Monday, December 12, 2011

Targum Yonasan in support of a minhag taus

Summary: Birkas Avraham debunks a support to a minhag taus from Targum Yonasan. The targum states 'and she called his name Onan, for ברם upon him his father would in the future mourn.' However,
they should not interpret it as  'and she called his name Onan, for ברם [only] upon him [and not his older brother Er] his father would in the future mourn.' Rather, it should be understood as  'and she called his name Onan, for ברם [also] upon him [just as upon older brother Er] his father would in the future mourn.'

He explains and I agree. Then, I add a bit of my own analysis.

Post: I don't always pick on Birkas Avraham. Indeed, I like his style, and I like his subject matter. Just like Birkas Avraham, I enjoy analysis of 'non-standard' rabbinic texts, such as Targum Yonasan. And I enjoy divrei Torah centered on analyzing trup. Perhaps, as a result, I direct more attention to what he writes. And then, when I do find cause to disagree, I disagree.

At any rate, here is one analysis is Birkas Avraham with which I pretty much disagree agree. He is a bit harsh in his last sentence, but I agree with that sentiment as well.

He writes, on parashat Vayeshev:

"In Targum Yonasan ben Uziel upon the verse (Bereishit 38:4) ותהר עוד ותלד בן ותקרא שמו אונן, there is the translation of וקרת ית שמיה אונן, ארום ברם עלוי עתיד  אבוי לאתאבלא -- 'and she called his name Onan, for ברם [only] upon him [and not his older brother Er] his father would in the future mourn.'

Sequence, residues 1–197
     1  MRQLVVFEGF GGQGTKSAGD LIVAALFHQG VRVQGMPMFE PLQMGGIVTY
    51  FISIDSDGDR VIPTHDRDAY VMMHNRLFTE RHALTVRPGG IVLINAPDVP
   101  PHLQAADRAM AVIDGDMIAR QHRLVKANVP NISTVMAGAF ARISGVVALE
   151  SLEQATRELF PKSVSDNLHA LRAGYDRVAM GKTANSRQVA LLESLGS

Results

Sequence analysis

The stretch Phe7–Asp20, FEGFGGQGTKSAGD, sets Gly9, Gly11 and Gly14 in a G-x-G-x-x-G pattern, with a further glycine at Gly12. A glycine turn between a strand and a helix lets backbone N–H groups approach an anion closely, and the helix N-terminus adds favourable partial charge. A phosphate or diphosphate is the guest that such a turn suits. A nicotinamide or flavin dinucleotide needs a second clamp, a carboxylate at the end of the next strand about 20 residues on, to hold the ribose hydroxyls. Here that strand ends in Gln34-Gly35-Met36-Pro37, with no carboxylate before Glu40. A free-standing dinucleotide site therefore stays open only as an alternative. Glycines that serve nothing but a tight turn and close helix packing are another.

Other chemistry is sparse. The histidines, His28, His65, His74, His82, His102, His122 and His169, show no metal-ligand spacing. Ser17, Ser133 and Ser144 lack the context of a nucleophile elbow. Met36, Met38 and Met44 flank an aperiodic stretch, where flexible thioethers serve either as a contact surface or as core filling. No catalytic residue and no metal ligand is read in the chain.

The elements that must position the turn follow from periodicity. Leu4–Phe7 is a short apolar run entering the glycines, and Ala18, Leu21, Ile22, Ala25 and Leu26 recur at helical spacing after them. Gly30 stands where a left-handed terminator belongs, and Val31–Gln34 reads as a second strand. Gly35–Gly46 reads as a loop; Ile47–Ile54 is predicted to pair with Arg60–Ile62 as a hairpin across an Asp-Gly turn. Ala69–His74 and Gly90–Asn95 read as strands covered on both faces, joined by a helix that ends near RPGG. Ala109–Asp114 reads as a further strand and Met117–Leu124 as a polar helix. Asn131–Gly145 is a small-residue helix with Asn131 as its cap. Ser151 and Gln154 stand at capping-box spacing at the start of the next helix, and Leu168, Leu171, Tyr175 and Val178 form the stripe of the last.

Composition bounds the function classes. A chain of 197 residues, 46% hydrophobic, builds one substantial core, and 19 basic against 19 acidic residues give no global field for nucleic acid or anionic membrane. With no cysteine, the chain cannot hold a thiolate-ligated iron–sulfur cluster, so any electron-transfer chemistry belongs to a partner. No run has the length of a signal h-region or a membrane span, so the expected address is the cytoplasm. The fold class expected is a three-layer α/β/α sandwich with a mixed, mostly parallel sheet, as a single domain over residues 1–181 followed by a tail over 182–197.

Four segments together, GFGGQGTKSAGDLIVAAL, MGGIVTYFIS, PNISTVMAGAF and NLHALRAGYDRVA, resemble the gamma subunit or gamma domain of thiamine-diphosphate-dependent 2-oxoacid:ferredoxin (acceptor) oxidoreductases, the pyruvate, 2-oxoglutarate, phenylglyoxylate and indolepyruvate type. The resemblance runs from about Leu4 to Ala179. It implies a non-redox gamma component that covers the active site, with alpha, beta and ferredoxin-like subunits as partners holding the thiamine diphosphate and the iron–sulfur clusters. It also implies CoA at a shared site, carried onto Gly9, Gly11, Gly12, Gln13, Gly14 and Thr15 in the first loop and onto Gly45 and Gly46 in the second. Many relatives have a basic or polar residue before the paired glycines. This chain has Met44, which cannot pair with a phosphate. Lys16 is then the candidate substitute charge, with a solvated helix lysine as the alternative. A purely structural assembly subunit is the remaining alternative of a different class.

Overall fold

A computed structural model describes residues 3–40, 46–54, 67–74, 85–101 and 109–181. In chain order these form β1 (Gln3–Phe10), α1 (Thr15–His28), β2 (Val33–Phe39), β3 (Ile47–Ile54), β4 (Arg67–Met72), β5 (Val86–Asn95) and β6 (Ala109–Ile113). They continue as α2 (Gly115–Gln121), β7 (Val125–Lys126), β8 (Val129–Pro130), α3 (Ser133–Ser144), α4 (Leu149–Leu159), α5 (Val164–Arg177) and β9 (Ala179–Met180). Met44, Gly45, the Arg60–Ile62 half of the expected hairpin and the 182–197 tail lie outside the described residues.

{Josh: I interjected above in [bold] according to the interpretation offered in the next paragraph.}
And in Sefer Gan Raveh [from R' Hanoch Henich Ersohn], citing Yesod Ohel Moed, as well as in the Chidushei Maharil Diskin, and in Sefer Pardes Yosef,  and other sefarim as well, and preceding all of them, in Sefer Naftali Seva Ratzon -- they write that from these words of Targum Yonasan ben Uziel there is a source for the minhag which was rejected in the responsa of the Rivash, siman 95; and the Rama in Yoreh Deah (siman 374 seif 13) he brings the Rivash, that there were those who had the custom not to mourn upon a firstborn son, for he was holy to Hashem.
However [ברם -- heh], with apologies to the honor of these Gedolim, it is an error to deduce this from the Targum Yonasan. And just the opposite, there is from this Targum Yonasan an explicit contradiction to the rejected custom.
For in many places in Targum Yonasan, the Targum utilizes the word ברם to say גם ['also']. Such as on the verse (Bereshit 7:3) גם מעוף השמים, in the Targum of Yonasan ben Uzziel there is translated ברם מן צפרי. And so too in the verse (Bereishit 35:8 [about the death of Devorah, Rivkah's maidservant]), וברם תמן אתבשר יעקב על  מיתת רבקה אמיה, see our words there. And on the verse (Shemot 36:7) דים לכל המלאכה לעשות אותה  והותר, there is in the Targum Yonasan ועבדו יתה וברם  שיירו, and its meaning is וגם {and also} left over. And in parashat Naso, in the matter of the Sotah, that the water which she drinks tests also the male adulterer, there is in Targum Yonasan (Bemidbar 5:27) ברם לגיורא בדקין מיא {with ברם meaning also}. And in the verse (Bemidbar 11:4), ויבכו גם בני ישראל, it translates ובכו ברם  בני ישראל. And so too on the verse (Devarim 23:4) גם דור עשירי לא יבא, it translates in Targum Yonasan ברם דר עשיראי לא ידכי.